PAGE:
National’s latest poll rating is 51% – See Patrick Gower’s National bounces back in poll. Labour will take some solace in the detail that ‘only 20 per cent believed Mr Shearer was out of touch with "ordinary people" compared to 52 per cent who believed Mr Key was’ – see: National's 51pc leaves the rest far behind
 
Q: When do (some) leftists say they welcome job losses? A: When those jobs are in the environmentally unfashionable mining industry. Blogger, No Right Turn says, Let Solid Energy fail
 
The Christchurch rebuild and its future are ‘in the hands of Christchurch's rigid Old Guard’ according to blogger and Labour activist James Dann writing on the Herald website: Two years, little progress in Christchurch. For another in-depth look at rebuild issues – especially the question of ‘who will pay?’, see John McCrone’s Christchurch rebuild: How much will we pay?
 
What is 218 plus 191? Almost half of 9-year-olds could not answer this in a test, which shows why New Zealand is languishing behind other countries in maths. Hekia Parata is looking to do something about it – see Andrew Laxon’s Govt eyes back to basics in maths
 
It seemed like an idea that voters might dislike – reducing their say over politicians. But TVNZ reports, Kiwis in favour of four year Government term
 
Do the Police spy on unions? According to ex-Police spy, Rob Gilchrist, they do – see: Spy's claim: A decade of deception. Do the Police spy on social media? David Fisher reports on the Police’s ‘specialist software tool which mines social media for information’ – see: Police software mines social media. Do the Police pay witnesses to testify? Again, yes, according to Phil Taylor’s Police paid witnesses in murder case shock. And, do the Police have authorisation to operate their recently acquired aerial drone? No, according to David Beatson, writing on Pundit: No rules for NZ Police surveillance drones
 
Labour announces its reshuffle today, and Claire Trevett has some tips for who is about to be demoted and promoted – see: King, Jones tipped for return to front bench
 
Whanau Ora is seen variously as about the ‘empowerment of families’ or ‘a magnet for corruption’. Anthony Hubbard has an in-depth evaluation of the scheme in Whanau Ora helps families recover
 
Not exactly a new blog-war, but entertaining nonetheless – see Scott Yorke’s Blogger issues "fatwa" against law professor and Andrew Geddes’ response: Wilbur Cussler: A memoir
 
Finally, it might be frivolous analysis, but it’s still interesting for MP-watchers – see Kate Chapman’s Power dressing - our best and worst-dressed MPs

 

This article is tagged with the following keywords. Find out more about My Tags

Post Comment

9 Comments & Questions

Commenter icon key: Subscriber Verified

We effectively have two Labour parties in government. Their policies are of stagnation and mediocrity. Sideways governance.

NZ desperately needs the ACT party influence if NZ is going to go anywhere.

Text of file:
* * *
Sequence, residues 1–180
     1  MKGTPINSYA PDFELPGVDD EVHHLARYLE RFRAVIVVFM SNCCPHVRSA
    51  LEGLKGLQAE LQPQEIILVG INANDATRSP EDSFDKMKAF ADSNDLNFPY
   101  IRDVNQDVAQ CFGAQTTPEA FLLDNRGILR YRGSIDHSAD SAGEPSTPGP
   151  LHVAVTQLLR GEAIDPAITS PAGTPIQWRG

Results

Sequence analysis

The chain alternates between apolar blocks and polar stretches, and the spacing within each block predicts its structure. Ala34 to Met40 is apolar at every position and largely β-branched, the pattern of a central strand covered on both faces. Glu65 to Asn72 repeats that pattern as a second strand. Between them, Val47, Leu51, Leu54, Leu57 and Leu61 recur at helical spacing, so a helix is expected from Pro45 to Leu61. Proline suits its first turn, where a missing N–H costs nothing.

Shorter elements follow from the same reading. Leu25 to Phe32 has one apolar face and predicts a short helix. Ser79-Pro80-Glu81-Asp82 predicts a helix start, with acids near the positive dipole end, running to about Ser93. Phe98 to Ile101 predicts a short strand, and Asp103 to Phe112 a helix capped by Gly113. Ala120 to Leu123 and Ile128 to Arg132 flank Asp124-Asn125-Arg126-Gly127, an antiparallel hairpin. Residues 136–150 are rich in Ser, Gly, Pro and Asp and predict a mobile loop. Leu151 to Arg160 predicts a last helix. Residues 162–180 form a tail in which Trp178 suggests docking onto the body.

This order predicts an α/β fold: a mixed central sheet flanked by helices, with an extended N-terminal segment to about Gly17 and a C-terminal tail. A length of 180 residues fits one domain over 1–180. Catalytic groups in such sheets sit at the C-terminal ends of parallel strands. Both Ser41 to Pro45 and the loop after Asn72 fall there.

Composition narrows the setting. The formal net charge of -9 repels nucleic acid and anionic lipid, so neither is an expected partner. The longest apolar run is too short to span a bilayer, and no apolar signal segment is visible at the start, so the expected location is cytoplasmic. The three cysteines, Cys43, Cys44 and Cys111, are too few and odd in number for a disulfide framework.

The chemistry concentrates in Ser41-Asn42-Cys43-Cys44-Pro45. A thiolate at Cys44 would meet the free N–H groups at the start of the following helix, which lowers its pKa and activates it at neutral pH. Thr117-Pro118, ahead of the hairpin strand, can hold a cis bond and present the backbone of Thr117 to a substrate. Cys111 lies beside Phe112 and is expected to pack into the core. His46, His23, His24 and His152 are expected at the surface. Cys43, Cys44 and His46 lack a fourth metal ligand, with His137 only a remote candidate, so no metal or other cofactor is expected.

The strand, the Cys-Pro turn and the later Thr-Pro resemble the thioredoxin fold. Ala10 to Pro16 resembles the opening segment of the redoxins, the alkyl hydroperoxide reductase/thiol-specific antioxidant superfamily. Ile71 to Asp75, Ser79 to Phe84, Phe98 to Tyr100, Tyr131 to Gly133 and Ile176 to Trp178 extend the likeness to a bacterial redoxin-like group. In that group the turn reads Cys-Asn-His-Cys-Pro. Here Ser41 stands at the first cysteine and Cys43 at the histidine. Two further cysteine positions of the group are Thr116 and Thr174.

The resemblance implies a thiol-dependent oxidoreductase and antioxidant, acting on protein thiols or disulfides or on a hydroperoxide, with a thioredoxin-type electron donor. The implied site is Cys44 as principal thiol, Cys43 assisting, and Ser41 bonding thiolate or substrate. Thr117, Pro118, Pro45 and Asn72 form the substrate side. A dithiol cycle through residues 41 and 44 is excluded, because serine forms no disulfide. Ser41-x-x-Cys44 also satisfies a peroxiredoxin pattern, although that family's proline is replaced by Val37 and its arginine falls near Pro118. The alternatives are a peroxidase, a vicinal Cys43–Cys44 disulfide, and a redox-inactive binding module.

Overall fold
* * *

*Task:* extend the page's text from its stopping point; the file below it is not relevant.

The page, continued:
Reply
Share

Do folks reallybelieve that the ACT Party will put up tired, tarnished dodgy John Banks as their Epsom candidate? You have got to be joking!

With Banks facing a further legal threat - why is he not being stood down as a minister? Both Richard Worth and Pansy Wong left parliament (not just their former ministerial portfolios) - and neither of them were facing charges in court.

Oh, that's right. This minority National government - with only 59 out of 121 MPs - is absolutely dependent on the vote of 'dodgy John'.

Penny Bright

Reply
Share

Paid your rates yet Penny, or are you still bludging off the rest of us?

Reply
Share

If we are to lift the economy off it's flat line it is essential for Act to be part of any government as a partial counter to the forces of the left which are strongly represented in Labour and National.
liberte

Reply
Share

Don Brash had a recipe of changes necessary for progress in NZ. John Key dismissed them as radical.
Any changes are radical for John Key who has become a complete non event.
The ACT logic and responsible influence must be retained.

Reply
Share

Whatever people's views are of John Banks, I think they'll prefer him & ACT in coalition with National rather than Labour with a major Greens influence.

ACT will rebuild with Boscowen back in the fold.

Reply
Share

Like the USA looney Teaparty, ACT fulfills some deep therapuetic need of wannables or wealthy misfits, that only a good psychologist would be able to make sense of.

Several responses to this column suggest that this quasi religious cult syndrome is a alive and well. But for the overwwhelming number of New Zealanders, ACT's annual conference's manifestations of such delusions, is probably safer then having such lunatics running the asylum.

If Key and National want out of desperation to tea party with this ACT cult ,good. It will hasten his departure too.

Reply
Share

The overwhelming number of New Zealanders. Perhaps you mean the overwhelming number who are addicted to living off transfer payments.

The 600,000 on super, the 400,000 on working for families, the 200,000 with interest free loans, the 350,000 on welfare, the 1.7 million who have a suck at the ACC trough each year, and not to mention the Maori gravy train.

So much for so long we have lost the shame factor as each election is bought with more bribes.

You mean this group that now exceeds well over half the adult population.

Reply
Share

Guess which group Charles M belongs to.

Reply
Share

Post New comment or question

Plain text

  • No HTML tags allowed.
  • Web page addresses and e-mail addresses turn into links automatically.
  • Lines and paragraphs break automatically.

NZ Market Snapshot

Forex

Sym Price Change
USD 0.8012 0.0052 0.65%
AUD 0.9077 0.0006 0.07%
EUR 0.6252 0.0028 0.45%
GBP 0.4952 0.0024 0.49%
HKD 6.2173 0.0415 0.67%
JPY 85.2240 0.1390 0.16%

Commods

Commodity Price Change Time
Gold Index 1244.2 5.700 2014-10-20T00:
Oil Brent 85.4 -0.760 2014-10-20T00:
Oil Nymex 82.8 -0.040 2014-10-20T00:
Silver Index 17.3 0.020 2014-10-20T00:

Indices

Symbol Open High Last %
NZX 50 5197.9 5238.9 5197.9 0.68%
NASDAQ 4254.2 4316.9 4258.4 1.35%
DAX 8819.3 8834.7 8850.3 -1.50%
DJI 16373.1 16401.6 16380.4 0.12%
FTSE 6310.3 6320.3 6310.3 -0.68%
HKSE 23073.4 23231.5 23070.3 -0.25%
NI225 15115.3 15115.3 15111.2 -1.66%